"We didn' have no gardens and all we et come from de white folks. They fed us turnips, greens, and meats and cornbread and plenty of milk. We worked every day 'cept Sunday and didn' know any more 'bout a holiday den climbin' up a tree back'ard. They never give us money, and we hit de field by sun-up and stayed dere till sundown. The niggers was whipped with a ridin' quirt.

"The woods was full of run-aways and I heered them houn's a runnin' 'em like deer many a time, and heered dat whip when they's caught. He'd tie 'em to a tree with a line and nearly kill 'em. On rainy days we was in de crib shuckin' corn, and he never let us have parties. Sometimes we went fishin' or huntin' on Sat'day afternoon, but that wasn' often.

"Marster Butler was shot. He run a store on the place and one day a white boy was pilferin' roun' and he slap him. De boy goes home and tell his pappy and his pappy kill Marster Butler. So me and my mammy was sold to Marster Hargrove, who owned my pappy. That was freedom to me, 'cause Marster Henry didn' cuff his niggers roun'. I worked roun' de house mostly, and fixin' harness and buggies and wagons.

"I never knew but one nigger to run away from Marster Hargrave. He slip off and goes to Shreveport. That was Peter Going. Marster missed him and he goes to fin' him. When he fin's him in Shreveport, he say, 'Come on, Peter, you knowed what you was doin' and you's goin' to pay for it.' Marster tied him behin' de buggy and trots de hosses all way back home. Then he ties Peter to a tree and makes him stay dere all night with nothin' to eat. Peter, nor none of the res' of the niggers didn' ever try to run off after that.

Gill Ruffin
Gill Ruffin

"I don' 'member much 'bout de war. I see the infantry one time over thar close to where Karnack is. I was sittin' on a mule when they pass. All they say is, 'Better git on home, nigger.'

"Marster lef' for de war but didn' stay long. He wouldn' tell us niggers we was free after surrender and we worked on the plantation more'n a year after that.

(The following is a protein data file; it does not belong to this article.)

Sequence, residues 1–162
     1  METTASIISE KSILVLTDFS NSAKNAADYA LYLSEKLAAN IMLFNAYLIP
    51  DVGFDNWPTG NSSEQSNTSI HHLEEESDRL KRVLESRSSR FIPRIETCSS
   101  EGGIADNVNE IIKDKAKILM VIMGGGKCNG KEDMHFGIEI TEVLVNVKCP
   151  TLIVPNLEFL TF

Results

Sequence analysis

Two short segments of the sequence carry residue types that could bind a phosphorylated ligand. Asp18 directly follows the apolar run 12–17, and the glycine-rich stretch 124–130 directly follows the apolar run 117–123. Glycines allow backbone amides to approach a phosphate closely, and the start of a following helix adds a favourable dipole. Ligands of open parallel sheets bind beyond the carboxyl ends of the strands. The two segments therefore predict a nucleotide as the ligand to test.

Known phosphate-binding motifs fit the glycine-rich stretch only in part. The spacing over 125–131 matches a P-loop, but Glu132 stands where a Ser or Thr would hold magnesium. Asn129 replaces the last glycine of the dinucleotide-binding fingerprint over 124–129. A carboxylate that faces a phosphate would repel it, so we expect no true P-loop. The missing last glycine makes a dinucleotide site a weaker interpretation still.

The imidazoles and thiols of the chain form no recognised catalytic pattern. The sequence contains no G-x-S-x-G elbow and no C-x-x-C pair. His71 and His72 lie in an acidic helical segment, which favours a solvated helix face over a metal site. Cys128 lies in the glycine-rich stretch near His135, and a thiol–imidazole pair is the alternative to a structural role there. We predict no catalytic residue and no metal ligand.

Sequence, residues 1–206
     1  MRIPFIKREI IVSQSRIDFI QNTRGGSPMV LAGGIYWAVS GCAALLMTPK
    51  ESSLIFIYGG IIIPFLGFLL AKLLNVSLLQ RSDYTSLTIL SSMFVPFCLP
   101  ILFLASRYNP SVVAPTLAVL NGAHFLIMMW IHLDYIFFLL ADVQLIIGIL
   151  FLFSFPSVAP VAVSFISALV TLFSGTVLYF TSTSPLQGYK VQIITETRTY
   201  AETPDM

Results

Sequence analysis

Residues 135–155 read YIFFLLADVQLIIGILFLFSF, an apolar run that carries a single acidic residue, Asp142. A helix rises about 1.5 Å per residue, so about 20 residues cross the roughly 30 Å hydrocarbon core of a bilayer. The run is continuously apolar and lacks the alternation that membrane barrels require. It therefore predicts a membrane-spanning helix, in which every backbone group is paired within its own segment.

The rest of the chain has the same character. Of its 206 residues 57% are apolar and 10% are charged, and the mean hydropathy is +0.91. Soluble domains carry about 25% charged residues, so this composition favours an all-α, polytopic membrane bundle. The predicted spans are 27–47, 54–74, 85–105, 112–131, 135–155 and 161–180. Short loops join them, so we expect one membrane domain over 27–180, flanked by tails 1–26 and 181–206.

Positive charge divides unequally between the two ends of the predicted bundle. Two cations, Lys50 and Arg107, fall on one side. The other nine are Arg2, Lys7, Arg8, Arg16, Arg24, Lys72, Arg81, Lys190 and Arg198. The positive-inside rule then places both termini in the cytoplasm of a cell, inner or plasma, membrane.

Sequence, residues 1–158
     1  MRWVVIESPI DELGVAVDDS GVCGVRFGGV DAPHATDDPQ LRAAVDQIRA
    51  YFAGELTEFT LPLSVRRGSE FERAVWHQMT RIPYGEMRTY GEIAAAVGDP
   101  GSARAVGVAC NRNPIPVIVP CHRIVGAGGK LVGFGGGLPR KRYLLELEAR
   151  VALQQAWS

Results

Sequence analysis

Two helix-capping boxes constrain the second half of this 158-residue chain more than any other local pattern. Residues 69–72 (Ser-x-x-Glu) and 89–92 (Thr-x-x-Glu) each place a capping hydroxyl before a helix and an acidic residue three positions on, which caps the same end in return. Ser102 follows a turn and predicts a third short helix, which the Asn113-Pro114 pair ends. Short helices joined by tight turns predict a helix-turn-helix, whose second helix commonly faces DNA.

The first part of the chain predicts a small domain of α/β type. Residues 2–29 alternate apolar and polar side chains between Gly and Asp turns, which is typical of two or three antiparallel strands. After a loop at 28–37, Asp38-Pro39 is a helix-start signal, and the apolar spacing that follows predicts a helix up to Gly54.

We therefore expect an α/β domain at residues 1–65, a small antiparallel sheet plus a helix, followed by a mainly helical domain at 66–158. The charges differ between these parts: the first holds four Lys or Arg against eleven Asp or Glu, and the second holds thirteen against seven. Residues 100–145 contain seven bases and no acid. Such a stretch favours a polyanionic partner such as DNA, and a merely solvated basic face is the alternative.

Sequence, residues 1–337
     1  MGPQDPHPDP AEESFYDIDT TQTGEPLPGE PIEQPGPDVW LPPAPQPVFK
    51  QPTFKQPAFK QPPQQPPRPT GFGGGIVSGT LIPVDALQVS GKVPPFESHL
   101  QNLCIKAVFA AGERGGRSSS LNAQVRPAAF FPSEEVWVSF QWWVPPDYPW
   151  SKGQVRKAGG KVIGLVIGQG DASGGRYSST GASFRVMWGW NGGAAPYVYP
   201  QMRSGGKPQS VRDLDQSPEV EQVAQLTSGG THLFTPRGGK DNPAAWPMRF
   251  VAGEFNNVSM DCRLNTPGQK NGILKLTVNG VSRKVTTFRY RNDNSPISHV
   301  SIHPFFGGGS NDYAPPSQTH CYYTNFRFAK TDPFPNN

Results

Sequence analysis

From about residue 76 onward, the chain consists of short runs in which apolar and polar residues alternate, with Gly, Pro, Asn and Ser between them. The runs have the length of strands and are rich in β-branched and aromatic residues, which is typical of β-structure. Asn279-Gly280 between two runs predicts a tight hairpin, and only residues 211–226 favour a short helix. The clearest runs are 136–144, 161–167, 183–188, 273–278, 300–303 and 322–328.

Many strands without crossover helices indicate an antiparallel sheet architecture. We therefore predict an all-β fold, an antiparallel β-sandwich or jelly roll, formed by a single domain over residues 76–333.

"After I lef' the Hargroves I lived with my pappy and mammy till I married Lucinda Greer and we raised two boys and two girls to be grown and married. They all dead now, and since my wife died, about 8 years ago, I live here with Will Jones, my grandson."

Martin Ruffin

Martin Ruffin, 83, was born a slave of Josh Perry, near old Port Cadde, on Cadde Lake. He stayed with his master until 1876, then lived with his parents on the farm until 1880. He then moved to Marshall, Texas, where he cooked for hotels and cafes until 1932. Since he has been unable to work, the Red Cross has helped him, and he draws a $12.00 monthly old age pension.

"I's born right here in Harrison County, on Josh Perry's plantation, what was right near Port Cadde, on the lake. I was only eleven year old when the niggers was freed.

"Will Ruffin was my daddy and he come from North Car'lina. Mammy was Cynthia and was born in Texas. I wasn't big enough to tote water to the field when war started, but I driv up the cows and calves and helped tend massa's chillen.

"Massa Perry had more'n a thousand acres in his place and so many niggers it looked like a little town. The niggers lived in rough houses, 'cause they so many he had to make 'em live most anyway.